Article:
Steph Allen has already weathered one unimaginable crisis, the nightmare scenario that struck Grand Island and her new Teaching Tree childcare center this spring.
She had to close The Teaching Tree for eight weeks as the COVID pandemic hit Hall County earlier and harder than almost any other spot in Nebraska. When she reopened in June, her enrollment and revenue plunged by 40 percent. It’s only now that enrollment is back up and daily operations are starting to feel somewhat normal.
The good news is that both Steph and her high-quality child care center are still standing.
The bad news is that she can already see another crisis looming on the horizon.
“My biggest fear is when school starts back up in Grand Island,” she says. “How are parents going to react if schools have to close? Will my staff want to close here? And if it gets to the point that I have to close again, I will absolutely be in trouble financially unless there’s another round of (COVID relief) funding.
“So, what scares me the most? The months of August through December.”
Nebraska’s child care system is economically staggering four months into COVID-19, according to the Buffett Early Childhood Institute’s new statewide survey of 1,000 licensed child care providers. The next four months could bring further financial blows that many child care providers won’t survive.
Most child care providers responding to the survey lost at least a quarter of their income this spring and summer. Child care centers are faring even worse — nearly 4 of 10 report that income has been sliced in half this year.
This situation would have looked even more dire if not for COVID aid. More than a third of Nebraska child care providers surveyed have received federal Personal Protection Program loans. Two-thirds received smaller, $1,000 private grants. Every provider interviewed for this story portrayed those funds as a lifesaver as they struggled to stay afloat.
But too many child care providers are sinking—and many more could sink soon.
Roughly 1 of every 7 Nebraska child care providers was closed for business in June, according to the Nebraska Department of Health and Human Services. Many will never reopen, further straining an already strained system — many providers already operated on shoestring budgets, and many Nebraska families already struggled to find affordable, quality care for their children, long before COVID-19.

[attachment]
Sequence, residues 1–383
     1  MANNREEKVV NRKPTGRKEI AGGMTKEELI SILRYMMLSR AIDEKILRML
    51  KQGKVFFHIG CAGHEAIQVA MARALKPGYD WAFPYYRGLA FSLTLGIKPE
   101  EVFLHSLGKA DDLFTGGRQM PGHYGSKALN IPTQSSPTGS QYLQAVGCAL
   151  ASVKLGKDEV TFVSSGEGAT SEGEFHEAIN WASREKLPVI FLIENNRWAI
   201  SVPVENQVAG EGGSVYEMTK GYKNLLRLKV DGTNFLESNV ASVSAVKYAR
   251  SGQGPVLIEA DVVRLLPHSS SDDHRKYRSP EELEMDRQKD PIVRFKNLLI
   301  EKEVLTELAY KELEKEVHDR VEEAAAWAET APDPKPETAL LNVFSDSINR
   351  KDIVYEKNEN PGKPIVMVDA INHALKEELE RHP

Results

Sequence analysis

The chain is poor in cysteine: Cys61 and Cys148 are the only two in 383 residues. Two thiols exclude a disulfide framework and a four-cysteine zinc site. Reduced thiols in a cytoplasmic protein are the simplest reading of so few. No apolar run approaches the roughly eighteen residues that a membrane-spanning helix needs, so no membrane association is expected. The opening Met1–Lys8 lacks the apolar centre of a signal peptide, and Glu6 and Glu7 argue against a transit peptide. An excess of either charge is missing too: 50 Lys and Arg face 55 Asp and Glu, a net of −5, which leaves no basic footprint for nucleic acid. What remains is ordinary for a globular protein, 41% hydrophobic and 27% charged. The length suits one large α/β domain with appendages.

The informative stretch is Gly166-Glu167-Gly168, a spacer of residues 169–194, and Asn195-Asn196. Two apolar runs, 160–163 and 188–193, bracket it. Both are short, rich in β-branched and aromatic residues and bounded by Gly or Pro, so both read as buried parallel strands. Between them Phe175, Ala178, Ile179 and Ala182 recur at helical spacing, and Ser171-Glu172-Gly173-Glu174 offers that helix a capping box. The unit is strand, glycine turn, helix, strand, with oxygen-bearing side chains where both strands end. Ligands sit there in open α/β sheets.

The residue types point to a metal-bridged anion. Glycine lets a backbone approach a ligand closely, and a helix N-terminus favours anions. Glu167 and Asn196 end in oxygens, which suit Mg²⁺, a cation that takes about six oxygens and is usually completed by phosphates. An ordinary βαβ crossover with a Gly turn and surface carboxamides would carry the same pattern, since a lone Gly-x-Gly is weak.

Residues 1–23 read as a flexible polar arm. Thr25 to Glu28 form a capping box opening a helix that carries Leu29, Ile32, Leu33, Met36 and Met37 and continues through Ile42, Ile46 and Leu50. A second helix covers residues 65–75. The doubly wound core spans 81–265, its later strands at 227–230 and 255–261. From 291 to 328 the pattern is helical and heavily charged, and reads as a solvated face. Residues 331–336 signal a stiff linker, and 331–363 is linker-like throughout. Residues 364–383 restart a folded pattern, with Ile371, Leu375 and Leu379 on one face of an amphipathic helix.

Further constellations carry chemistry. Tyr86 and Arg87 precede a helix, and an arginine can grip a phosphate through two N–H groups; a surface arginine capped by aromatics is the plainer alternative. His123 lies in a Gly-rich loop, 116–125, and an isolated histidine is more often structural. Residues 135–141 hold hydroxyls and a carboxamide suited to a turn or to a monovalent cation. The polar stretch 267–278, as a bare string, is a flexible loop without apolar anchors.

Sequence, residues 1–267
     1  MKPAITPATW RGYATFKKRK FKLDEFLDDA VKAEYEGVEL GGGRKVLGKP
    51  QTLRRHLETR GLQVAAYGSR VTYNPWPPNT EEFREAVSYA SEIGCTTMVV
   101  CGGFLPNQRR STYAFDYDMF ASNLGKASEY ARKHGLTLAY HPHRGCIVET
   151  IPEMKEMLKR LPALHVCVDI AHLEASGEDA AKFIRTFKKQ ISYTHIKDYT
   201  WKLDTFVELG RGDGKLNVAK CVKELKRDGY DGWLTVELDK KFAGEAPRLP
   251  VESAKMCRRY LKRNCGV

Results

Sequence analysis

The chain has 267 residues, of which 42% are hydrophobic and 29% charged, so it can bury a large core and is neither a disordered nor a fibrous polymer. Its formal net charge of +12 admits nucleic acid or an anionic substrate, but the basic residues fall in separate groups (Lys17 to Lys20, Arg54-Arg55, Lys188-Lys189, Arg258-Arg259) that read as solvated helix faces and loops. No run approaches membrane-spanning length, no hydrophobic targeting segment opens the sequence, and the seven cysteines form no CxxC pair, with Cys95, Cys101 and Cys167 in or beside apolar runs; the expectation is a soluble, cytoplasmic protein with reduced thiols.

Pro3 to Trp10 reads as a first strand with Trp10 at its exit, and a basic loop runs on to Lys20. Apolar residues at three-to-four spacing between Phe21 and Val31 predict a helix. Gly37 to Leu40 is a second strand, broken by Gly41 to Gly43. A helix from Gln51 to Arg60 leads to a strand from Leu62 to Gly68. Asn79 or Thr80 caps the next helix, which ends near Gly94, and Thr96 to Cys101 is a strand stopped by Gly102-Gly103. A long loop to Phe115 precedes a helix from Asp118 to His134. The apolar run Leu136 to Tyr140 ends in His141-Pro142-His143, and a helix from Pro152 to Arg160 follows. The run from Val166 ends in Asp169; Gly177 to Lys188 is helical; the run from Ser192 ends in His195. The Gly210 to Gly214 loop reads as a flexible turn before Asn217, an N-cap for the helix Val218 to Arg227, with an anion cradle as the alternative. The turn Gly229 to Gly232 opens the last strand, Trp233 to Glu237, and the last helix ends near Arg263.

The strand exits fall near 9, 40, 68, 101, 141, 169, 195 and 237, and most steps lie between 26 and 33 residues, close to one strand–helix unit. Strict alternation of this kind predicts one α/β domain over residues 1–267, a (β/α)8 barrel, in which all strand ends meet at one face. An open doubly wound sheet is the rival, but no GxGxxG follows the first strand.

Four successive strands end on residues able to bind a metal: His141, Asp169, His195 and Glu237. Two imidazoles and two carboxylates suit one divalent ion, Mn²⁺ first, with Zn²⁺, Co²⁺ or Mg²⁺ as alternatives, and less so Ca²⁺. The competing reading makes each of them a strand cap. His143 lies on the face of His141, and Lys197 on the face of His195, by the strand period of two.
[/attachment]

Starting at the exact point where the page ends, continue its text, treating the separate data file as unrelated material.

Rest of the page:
The looming crisis: Many more Nebraska child care businesses appear to be barely above water. More than half the providers surveyed said they will “definitely” or “probably” need financial assistance if the pandemic continues into fall and winter.
Put another way: Half of providers surveyed say they will likely close their doors without financial help.
“Calling this an economic crisis is accurate,” says Dr. Kathleen Gallagher, the Buffett Institute’s director of research and evaluation. “We heard again and again from providers, that if this continues, they don’t think they will make it.”
The past four months have also taken a worrisome toll on the physical and emotional health of Nebraska’s providers as they care for our children.
More than three-quarters of providers surveyed report stress-related sleep changes during COVID. More than half say they are having trouble concentrating. Roughly half report that they are sad or depressed some or most of the time.
Yet providers are still resiliently showing up for work, say Gallagher and Dr. Alexandra Daro, a Buffett Institute research specialist and survey co-author. Many providers report using self-care practices like deep breathing and walks outside to be able to cope and get ready for the next workday.
“This is so Nebraskan,” Gallagher said. “These people are in pain, and they are still doing their jobs.”
Said Daro: “But they are also flat-out saying, ‘I am worn out. I am tired. This is taking its toll.’”
Rita Kirch, a longtime child care provider in Oshkosh, said her 24-child business never closed this spring as COVID cases stayed low in her western Nebraska county.
But Kirch still lost half of her children and income this spring before returning to nearly full capacity in July. She may have had to shut down her business if she hadn’t received a PPP loan, she says.
Kirch thinks her child care will make it, so long as COVID doesn’t hammer Garden County. If the virus does spread in the area, the future darkens.
“As this year has gone on, we have gotten into a better routine and had more structure here,” she said. “We’re sticking together. So that’s good.
“But I don’t think we are ever going to be normal again.”
Matthew Hansen, managing editor at the Buffett Institute, is a longtime Nebraska newspaper columnist.
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